Can food sprays help smallholder farmers control pests? Experience from Uganda

March 18, 2020

The Gulu Agricultural Development Company (GADC) in northern Uganda works with tens of thousands of smallholder farmers who produce organic cotton. Organic production is often challenged by the large numbers of pests which attack the crop, notably the African bollworm, aphids and various species of sucking bugs. However, help is at hand in the form of the naturally occurring organisms or ‘natural enemies’ that prey on these cotton pests – such as ladybirds, lacewings, and parasitic wasps. These natural enemies can be very effective in keeping the numbers of pests down. By encouraging these natural enemies into the crop and helping them to survive there, farmers can prevent pest numbers from reaching economically damaging levels.

So how can farmers encourage these natural enemies into their crops? One approach is to use ‘food sprays’, based on a mixture of sugar and yeast or maize. These sprays, which mimic the scent of the prey, can be used to attract the natural enemies into the crop early in the season so that they are ready for action when the pest numbers start to increase. The use of food sprays was first developed by Dr Robert Mensah of the Australian Cotton Research Institute, who worked with the UK Pesticide Action Network to adapt them for use by smallholder farmers. Trials in Benin and Ethiopia have found that the sprays can be very effective in controlling pests and increasing yields, and therefore in increasing farmers’ income.

Field testing with smallholder cotton farmers

To see whether these positive results would also apply in Uganda, AgDevCo supported GADC in testing food sprays with smallholder farmers during the 2019 cotton season. Forty of the company’s lead farmers were provided with food sprays, made from four different combinations of yeast, maize, sugar and molasses. The farmers applied the first spray when the cotton plants were very young in order to attract the beneficial invertebrates into the crop early in the season.  They then checked their cotton once a week and used an identification manual to count the number of pests and natural enemies they saw, re-applying the food spray if the pests outnumbered the natural enemies by more than two to one.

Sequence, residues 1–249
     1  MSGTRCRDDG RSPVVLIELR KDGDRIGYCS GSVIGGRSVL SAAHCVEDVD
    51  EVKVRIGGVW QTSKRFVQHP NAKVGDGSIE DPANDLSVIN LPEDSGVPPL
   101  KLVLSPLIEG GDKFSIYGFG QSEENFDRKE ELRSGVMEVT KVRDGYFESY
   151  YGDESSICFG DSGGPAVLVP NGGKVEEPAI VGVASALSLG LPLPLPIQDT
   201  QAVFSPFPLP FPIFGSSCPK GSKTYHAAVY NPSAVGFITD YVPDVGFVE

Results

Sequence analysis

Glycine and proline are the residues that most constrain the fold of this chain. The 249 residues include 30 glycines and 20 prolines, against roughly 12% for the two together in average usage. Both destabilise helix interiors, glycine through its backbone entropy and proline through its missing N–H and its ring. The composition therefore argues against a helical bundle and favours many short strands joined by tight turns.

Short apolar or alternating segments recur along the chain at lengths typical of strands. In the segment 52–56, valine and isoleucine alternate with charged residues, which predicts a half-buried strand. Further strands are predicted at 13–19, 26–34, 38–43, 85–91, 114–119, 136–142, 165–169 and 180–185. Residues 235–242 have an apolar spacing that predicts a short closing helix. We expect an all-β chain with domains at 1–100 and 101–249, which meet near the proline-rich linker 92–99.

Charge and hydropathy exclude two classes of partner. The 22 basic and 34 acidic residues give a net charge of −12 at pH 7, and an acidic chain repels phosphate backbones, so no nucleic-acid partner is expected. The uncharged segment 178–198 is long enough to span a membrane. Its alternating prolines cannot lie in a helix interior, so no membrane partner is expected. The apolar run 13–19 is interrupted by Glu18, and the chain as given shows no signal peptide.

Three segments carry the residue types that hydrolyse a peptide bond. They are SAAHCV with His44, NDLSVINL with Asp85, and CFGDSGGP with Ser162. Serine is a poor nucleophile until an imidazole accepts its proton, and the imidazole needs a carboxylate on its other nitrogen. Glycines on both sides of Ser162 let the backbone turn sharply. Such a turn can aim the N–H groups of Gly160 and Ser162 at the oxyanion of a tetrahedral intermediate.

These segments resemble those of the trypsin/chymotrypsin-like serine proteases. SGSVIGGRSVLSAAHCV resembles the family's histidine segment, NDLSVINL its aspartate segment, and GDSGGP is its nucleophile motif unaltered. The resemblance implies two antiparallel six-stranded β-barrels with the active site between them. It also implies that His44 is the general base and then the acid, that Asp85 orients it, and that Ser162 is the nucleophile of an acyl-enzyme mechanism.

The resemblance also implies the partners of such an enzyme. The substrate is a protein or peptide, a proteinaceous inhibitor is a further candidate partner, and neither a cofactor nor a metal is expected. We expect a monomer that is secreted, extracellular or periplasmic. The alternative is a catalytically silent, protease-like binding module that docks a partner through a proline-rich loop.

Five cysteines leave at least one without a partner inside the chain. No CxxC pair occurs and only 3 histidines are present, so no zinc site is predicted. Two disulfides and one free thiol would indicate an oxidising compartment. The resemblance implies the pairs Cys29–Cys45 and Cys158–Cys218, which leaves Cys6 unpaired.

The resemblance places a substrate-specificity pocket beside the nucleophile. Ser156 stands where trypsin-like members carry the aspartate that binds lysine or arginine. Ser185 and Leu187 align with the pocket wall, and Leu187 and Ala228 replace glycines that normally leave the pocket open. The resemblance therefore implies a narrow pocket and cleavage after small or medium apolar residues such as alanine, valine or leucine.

It quickly became clear that the food sprays were having a major impact. The plots that had been sprayed were found to have larger numbers of predators and lower numbers of pests than control plots where the sprays were not used, demonstrating that the food sprays can tip the balance in favour of the natural enemies. At the end of the season, the yields from the sprayed plots were significantly higher than from the control plots – with the difference ranging from 20% to 65%, depending on the particular spray used. As the sprays were made from cheap, locally-available materials, the increases in yields were more than enough to outweigh the cost of producing the sprays and hence to produce a net return for the farmer. Almost all the farmers involved gave positive feedback on the sprays, commenting that they found them very easy to use.

AgDevCo Gulu conferences September 201868

Next steps

Although these initial results look very promising, this isn’t the end of the story. Having demonstrated that smallholder farmers can use food sprays effectively, GADC and AgDevCo will be carrying out more rigorous trials in the 2020 farming season. In particular we’ll be assessing whether farmers themselves can produce the sprays cost effectively, and will compare the efficacy and cost/benefit ratios of the various formulations. As always when introducing innovations to smallholder farmers, we need to be very confident about the benefits and clear about the costs before we can recommend that adoption is scaled up.

If the initial positive results are borne out, there’s no reason to think that the use of food sprays should be restricted only to cotton. We already know that planting maize or sorghum near cotton can reinforce the efficacy of the sprays by providing habitats for natural predators – so we’d like to look at whether the food sprays can also help to protect those crops as well. Food sprays could well turn out to be a significant step forward in enabling smallholder farmers to improve their yields in a sustainable and cost-effective way, without the use of hazardous and expensive chemicals.

AgDevCo’s Smallholder Development Unit is supported by the Mastercard Foundation and UK aid.